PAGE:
How important is it to turn in your old cellular phone for recycling? How does your mobile phone usage and behavior impact the world at large? And are you aware that you are in fact carrying hazardous waste everyday in your pocket, purse, or bag? These were some of the questions that were asked, answered, and discussed at a Nokia discussion panel in the company’s Sunnyvale, California offices as part of the the Mobile Musings (Twitter hashtag: #MobileMusingsSV) talk series centered around eco-consciousness in the mobile industry.
With eco-awareness starting to trickle down to the mobile sphere, we’re seeing various companies announce their green plans. When Apple announced the iPhone 4 last summer, CEO Steve Jobs said it was one of the most green phones on the market because of the materials used and the pollutants not used in the flagship smartphone’s creation–glass and the stainless steel band are highly recyclable materials, according to Jobs. Sprint, most recently, announced that it is taking its eco-friendly mission to the next level by announcing the Samsung Replenish, the first smartphone that’s being marketed as an eco-friendly device that packs powerful punches while shining a green thumb at BlackBerry purists with a form factor similar to BlackBerry devices, but made of recycled materials, comes with an optional solar power charging accessory, and leverages the power of Google’s Android OS.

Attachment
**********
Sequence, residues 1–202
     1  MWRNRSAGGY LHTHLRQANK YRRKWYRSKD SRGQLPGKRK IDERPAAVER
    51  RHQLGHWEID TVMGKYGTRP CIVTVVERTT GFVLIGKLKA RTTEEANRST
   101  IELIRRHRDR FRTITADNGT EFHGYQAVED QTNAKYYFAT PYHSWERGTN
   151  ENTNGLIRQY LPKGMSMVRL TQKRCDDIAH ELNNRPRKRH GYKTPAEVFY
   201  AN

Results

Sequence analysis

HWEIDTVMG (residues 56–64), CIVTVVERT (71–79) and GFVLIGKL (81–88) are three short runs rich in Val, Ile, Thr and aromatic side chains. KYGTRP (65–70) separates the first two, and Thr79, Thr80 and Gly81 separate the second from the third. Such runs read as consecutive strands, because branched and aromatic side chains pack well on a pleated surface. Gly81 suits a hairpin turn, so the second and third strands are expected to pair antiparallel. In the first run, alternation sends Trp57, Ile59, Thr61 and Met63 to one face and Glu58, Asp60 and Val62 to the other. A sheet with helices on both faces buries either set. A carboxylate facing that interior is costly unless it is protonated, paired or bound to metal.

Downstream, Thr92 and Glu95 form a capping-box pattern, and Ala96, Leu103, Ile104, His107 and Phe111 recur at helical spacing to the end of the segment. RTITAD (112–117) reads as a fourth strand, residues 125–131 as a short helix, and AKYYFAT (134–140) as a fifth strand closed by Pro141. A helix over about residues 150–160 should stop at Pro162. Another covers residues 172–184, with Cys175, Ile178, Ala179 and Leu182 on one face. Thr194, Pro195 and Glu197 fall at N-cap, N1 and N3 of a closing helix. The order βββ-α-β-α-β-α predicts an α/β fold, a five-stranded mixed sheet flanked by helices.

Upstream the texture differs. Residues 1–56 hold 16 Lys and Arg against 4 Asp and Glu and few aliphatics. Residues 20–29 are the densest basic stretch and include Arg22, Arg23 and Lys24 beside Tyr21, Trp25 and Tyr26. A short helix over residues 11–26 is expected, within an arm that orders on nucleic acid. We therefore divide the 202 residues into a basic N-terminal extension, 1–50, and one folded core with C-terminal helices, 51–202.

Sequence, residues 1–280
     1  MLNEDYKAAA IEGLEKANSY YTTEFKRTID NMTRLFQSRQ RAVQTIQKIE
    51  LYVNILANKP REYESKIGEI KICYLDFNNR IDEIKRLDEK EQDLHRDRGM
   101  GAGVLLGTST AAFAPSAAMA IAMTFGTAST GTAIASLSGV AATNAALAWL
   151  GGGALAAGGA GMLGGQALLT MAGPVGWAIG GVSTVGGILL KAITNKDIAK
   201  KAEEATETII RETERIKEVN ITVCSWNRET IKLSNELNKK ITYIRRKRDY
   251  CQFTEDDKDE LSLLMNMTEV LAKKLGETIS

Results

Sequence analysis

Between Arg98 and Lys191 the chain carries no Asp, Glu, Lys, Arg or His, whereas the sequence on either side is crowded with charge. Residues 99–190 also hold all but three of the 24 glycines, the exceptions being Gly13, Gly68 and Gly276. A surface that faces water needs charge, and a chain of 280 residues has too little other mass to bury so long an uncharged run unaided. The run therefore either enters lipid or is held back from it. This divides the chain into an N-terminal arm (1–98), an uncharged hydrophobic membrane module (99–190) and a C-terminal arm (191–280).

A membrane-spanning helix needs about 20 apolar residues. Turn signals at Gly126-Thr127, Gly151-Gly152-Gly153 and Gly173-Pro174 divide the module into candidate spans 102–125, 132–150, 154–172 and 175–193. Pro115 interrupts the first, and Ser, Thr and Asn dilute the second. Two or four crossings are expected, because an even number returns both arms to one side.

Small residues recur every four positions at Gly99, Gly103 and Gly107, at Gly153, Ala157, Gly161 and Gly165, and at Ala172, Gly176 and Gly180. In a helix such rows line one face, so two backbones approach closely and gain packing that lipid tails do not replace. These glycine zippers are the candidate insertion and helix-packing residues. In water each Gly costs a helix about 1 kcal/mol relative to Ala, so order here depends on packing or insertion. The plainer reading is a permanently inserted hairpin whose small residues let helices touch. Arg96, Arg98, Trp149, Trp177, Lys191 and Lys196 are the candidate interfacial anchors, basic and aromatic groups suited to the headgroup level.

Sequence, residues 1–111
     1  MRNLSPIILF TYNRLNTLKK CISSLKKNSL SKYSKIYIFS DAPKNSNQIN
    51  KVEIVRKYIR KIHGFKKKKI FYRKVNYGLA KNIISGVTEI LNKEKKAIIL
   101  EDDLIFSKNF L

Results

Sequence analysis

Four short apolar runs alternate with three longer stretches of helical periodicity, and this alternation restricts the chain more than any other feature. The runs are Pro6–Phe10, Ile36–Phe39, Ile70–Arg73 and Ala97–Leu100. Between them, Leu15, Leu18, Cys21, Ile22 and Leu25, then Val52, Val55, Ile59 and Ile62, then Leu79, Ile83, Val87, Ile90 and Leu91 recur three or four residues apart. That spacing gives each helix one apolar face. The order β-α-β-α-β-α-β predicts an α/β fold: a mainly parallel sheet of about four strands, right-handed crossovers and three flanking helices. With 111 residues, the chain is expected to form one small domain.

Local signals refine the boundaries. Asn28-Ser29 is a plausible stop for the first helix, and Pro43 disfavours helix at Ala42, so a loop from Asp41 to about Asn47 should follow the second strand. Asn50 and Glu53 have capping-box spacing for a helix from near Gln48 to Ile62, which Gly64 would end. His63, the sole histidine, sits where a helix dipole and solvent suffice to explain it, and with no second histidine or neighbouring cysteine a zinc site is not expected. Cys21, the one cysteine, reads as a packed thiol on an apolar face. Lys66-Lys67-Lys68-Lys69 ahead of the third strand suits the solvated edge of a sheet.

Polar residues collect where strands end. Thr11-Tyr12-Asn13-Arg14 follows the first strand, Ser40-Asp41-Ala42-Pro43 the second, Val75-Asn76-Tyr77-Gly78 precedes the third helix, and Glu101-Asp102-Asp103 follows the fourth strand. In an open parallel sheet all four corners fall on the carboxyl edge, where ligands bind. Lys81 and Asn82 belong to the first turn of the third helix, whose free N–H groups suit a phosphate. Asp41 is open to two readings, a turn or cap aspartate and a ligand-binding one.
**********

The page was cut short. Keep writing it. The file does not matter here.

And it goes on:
Aside from these options, are there other ways to be a power-packed smartphone user while being friendly to the environment? How much of what’s being touted by company is a result of greenwashing, or merely using an environmental spin to gain PR and free publicity through marketing? As the sixth greenest company in America–which makes it the U.S.’s most green carrier–Sprint’s CEO Dan Hesse at the separate Sprint event says that his company is dedicated to preserving the environment through small measures that have an impact on the company’s bottom line. As it turns out for Sprint, being green to the environment helps the carrier save a lot of green bucks. And of course, mobility is a driving force behind Sprint’s green campaign.